9) They are Bred a Specific Way
Being a cross of a Beagle and a Pug, the usual practice of creating these puppies is through a Beagle mother and a Pug father. This is to ensure the safety of both dogs as a Puggle puppy is born twice the size of a pug puppy with litters averaging from 6-10 puppies.
Puggle Puppy with more Pug looks
10) They are Considered a Designer Breed
Considering a Puggle’s parentage, they are not a recognized breed and do not have any breeding clubs. But due to their sweet nature and cute looks, they are a highly desirable dog to have. Some celebrities that own/have owned these little cuties include Jake Gyllenhaal, Uma Thurman, Penelope Cruz, and Julianne Moore. They were at their peak of popularity from 2004-2007.
11) Puggles were an Experiment
Although it seems this breed is new and came to be in the early 2000s, they were actually first created in the 1980s by American Breeders that were looking to create a new breed of dog with the best of both worlds from Pugs and Beagles.
12) There are First and Second Generations of Puggles
First generation means the puppies came from a Beagle mother and a Pug father, which tends to have a luck of the draw outcome on each puppy’s appearance in regard to whether they look more like one breed or the other, also having an affect on each puppies’ health conditions. Second generations have Puggle parents and their looks usually even out to what this breed is supposed to look like with the lovable look of a Beagle and the short cuteness of a Pug.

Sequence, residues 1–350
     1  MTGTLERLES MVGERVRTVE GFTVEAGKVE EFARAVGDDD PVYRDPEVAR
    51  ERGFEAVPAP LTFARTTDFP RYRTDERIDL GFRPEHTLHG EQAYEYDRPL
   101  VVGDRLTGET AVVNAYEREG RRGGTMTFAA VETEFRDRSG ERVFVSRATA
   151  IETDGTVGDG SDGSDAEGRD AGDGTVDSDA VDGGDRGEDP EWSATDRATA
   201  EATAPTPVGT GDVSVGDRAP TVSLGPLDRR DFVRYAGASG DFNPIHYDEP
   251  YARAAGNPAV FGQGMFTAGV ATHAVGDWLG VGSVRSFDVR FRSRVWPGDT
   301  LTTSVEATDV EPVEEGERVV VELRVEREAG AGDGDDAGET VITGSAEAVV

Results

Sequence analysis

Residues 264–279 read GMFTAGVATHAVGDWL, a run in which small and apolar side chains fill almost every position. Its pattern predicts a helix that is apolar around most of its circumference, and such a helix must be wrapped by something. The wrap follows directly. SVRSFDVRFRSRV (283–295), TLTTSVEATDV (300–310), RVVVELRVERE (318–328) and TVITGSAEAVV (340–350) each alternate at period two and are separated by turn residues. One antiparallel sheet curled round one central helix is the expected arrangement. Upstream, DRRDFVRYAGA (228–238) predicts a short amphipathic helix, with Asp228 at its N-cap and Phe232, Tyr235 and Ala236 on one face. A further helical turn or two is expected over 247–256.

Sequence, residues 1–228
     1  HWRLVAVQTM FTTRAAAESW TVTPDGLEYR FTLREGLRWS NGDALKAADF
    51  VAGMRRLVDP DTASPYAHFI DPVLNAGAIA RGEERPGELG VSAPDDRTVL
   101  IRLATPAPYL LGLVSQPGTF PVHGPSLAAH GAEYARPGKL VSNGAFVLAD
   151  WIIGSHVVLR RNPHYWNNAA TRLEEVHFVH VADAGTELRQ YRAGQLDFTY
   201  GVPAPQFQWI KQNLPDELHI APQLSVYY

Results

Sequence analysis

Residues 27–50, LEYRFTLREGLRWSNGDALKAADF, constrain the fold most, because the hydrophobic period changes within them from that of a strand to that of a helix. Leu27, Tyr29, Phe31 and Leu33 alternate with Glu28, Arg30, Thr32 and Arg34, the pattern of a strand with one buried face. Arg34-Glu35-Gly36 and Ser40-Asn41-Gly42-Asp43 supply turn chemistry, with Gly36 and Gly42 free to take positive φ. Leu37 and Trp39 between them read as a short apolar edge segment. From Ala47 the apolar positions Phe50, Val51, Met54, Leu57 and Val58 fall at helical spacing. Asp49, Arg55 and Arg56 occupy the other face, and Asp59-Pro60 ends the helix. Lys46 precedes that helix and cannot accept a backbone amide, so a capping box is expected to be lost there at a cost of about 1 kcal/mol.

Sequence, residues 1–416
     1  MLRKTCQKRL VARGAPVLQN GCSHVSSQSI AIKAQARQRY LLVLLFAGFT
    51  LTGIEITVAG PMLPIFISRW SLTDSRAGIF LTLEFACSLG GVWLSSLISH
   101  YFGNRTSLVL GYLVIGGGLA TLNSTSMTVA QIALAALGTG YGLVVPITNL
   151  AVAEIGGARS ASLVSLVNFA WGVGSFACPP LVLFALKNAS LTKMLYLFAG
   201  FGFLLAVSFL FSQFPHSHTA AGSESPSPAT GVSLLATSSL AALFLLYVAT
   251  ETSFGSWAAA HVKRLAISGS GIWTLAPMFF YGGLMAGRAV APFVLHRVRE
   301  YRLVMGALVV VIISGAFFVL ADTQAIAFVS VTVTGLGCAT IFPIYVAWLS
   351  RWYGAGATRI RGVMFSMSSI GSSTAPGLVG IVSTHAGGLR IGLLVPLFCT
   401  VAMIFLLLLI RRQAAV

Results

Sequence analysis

13) How much does a Puggle Cost?
These dogs vary in price depending on your location, what generation they are, and who the breeder is. The most common puppies are first generation as most breeders tend to go for the less expensive Pug and Beagle to create them and their price ranges are on the low to medium range per puppy. Second generation puppies are bred by more experienced breeders and are a much hotter commodity, making them much more expensive.
While there are some dog breeds that have breeders available far and wide, finding a Puggle puppy may take a bit of search and travel. In conclusion, the popularity of this dog may have died down some, but that does not change the fact that they are adorable and great pets for dog lovers both new and experienced. So if you’re looking for a sweet, lovable, and not too large companion, then the Puggle is definitely for you.